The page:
The news stunned those who follow politics and government in California. The FBI is charging State Sen. Leland Yee with conspiracy to traffic in firearms and public corruption as part of a major investigation centered in San Francisco, the city he represents. Term limited from running again for what had been his safe state Senate seat, the arrest ends Yee’s quest to become California secretary of state.
Yee is alleged to have met on several occasions with an undercover FBI agent, soliciting campaign contributions in return for setting up a sale with international arms dealers. This is the same Yee who sponsored numerous pieces of anti-gun legislation that have seriously infringed the Second Amendment rights of law-abiding California citizens.
Specifically, Yee is charged with conspiracy to traffic in firearms and to illegally import firearms, as well as six counts of attempting to defraud citizens. Each corruption count is punishable by up to 20 years in federal prison and a fine of up to $250,000, while conviction on the gun-trafficking count could mean five years in federal prison and another $250,000 fine.
Federal prosecutors should throw the book at Yee and his co-conspirators, including well-known Chinatown gangsters among them the infamous Raymond “Shrimp Boy” Chow.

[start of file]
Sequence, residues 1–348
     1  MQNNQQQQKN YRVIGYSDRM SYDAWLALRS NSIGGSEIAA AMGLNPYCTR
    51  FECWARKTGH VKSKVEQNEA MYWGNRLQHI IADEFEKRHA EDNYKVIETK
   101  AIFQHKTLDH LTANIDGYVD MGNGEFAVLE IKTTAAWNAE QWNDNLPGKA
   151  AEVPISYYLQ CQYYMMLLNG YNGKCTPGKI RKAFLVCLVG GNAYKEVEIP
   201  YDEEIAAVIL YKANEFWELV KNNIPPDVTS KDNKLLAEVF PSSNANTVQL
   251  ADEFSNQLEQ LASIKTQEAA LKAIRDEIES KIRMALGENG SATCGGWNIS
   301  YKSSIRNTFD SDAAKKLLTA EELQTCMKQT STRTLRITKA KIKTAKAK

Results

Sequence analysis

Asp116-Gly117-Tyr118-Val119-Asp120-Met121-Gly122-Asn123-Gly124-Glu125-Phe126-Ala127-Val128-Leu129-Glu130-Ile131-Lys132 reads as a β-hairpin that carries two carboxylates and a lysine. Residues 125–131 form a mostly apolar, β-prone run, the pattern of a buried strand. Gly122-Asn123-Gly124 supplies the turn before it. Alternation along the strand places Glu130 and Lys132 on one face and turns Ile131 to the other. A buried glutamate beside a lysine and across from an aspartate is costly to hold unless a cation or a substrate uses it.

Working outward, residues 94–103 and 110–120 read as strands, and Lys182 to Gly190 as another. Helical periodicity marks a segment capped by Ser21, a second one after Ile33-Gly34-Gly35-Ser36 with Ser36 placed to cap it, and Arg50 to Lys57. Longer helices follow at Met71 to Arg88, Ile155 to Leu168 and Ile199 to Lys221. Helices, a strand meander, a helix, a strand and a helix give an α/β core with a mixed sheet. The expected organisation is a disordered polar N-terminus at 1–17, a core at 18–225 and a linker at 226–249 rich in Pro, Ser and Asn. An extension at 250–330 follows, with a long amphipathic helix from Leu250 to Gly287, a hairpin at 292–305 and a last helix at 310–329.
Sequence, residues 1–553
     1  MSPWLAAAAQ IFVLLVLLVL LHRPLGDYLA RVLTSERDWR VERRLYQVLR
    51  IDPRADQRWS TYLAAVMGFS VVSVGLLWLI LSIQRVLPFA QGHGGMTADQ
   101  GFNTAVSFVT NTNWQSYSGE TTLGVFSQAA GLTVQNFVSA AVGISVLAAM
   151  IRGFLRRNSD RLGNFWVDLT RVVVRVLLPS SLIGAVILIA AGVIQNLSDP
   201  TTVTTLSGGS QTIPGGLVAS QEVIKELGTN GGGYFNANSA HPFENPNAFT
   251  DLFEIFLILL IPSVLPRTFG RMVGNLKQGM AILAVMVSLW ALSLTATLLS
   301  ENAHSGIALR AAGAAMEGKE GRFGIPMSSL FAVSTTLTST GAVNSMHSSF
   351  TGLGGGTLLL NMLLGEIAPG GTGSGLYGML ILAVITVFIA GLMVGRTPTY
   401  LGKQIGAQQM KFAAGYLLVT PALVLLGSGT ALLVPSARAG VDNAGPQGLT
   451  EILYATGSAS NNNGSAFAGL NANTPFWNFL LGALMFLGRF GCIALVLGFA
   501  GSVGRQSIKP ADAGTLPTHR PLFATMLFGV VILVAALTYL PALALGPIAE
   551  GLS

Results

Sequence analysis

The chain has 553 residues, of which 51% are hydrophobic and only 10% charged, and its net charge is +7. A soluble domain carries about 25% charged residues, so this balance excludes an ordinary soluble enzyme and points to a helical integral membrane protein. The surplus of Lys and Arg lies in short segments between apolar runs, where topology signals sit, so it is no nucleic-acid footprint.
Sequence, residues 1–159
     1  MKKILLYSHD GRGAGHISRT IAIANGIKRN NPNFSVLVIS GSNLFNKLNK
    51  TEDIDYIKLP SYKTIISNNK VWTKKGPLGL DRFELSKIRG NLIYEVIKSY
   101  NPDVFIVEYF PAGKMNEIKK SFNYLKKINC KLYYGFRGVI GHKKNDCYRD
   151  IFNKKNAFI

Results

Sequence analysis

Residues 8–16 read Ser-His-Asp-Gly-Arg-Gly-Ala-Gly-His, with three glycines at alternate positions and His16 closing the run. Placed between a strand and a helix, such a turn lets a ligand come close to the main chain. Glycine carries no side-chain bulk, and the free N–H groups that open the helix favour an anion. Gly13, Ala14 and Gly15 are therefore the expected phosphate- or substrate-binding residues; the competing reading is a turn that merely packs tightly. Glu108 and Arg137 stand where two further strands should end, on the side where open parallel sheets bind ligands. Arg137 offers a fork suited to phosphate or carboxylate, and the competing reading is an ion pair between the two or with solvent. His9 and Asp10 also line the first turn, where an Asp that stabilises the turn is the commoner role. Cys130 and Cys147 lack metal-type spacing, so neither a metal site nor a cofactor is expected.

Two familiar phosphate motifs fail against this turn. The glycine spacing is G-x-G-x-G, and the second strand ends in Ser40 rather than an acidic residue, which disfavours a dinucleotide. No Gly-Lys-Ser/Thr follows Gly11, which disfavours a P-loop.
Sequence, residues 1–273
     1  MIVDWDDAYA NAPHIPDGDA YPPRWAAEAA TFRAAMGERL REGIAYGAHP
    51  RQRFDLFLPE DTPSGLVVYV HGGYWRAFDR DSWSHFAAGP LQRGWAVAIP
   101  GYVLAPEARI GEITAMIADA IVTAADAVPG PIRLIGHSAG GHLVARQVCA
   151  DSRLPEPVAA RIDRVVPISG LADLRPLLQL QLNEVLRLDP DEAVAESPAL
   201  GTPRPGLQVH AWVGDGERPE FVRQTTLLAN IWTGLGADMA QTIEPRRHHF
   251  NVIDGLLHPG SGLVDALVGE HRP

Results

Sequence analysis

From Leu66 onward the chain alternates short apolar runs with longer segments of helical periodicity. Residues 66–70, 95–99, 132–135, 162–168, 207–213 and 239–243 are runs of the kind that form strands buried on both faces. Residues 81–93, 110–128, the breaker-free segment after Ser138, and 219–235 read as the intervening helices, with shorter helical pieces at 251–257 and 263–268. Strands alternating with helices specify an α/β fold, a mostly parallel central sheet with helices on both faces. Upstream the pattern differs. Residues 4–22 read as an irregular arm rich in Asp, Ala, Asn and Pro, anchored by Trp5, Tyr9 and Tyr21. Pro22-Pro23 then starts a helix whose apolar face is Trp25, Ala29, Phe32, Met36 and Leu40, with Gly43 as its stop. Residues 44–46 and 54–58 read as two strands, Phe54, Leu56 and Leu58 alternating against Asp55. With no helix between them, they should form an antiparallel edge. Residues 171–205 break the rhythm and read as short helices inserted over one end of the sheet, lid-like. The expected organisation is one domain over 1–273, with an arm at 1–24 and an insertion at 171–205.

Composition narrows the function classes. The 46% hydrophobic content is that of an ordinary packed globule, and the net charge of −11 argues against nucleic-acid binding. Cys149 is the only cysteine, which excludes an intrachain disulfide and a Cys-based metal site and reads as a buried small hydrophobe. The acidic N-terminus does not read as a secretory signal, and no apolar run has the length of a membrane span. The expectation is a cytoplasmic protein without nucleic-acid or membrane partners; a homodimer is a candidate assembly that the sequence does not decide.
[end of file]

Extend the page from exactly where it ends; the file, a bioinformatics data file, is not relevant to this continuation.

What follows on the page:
One incredulous California newspaper reported, “The charges are particularly shocking given that Yee has been among the state Senate’s most outspoken advocates both of gun control and of good-government initiatives.” Good start, but there’s more involved here than Olympic-level hypocrisy, fooling the voters and hoodwinking political reporters.
We are reminded of the concept strongly held by our founding fathers, but perhaps best expressed by John Adams that “the only maxim of a free government ought to be to trust no man living with power to endanger the public liberty.”
Yee endangered the public liberty while simultaneously endangering the public safety. Indeed, history shows that the two are inextricably linked. There are many who well understand that the exercise of our right to keep and bear arms helps to ensure our liberty while enhancing our safety. This connection is little appreciated in the State Capitol in Sacramento, however, where short-term politics and theatrics intended to impress low-information voters prevail.
One can debate whether power corrupts or it is the power that attracts the corruptible. Both propositions are true. So, we will henceforth remember that Leland Yee once corruptly wielded power and freely exercised undue influence over citizens while secretly plotting with criminals.
For our part, we will work proudly with those citizens seeking to restore their Constitutional rights in the Golden State through the courts and at the polls. Alas, that inevitably means a struggle against those “with the power to endanger the public liberty.”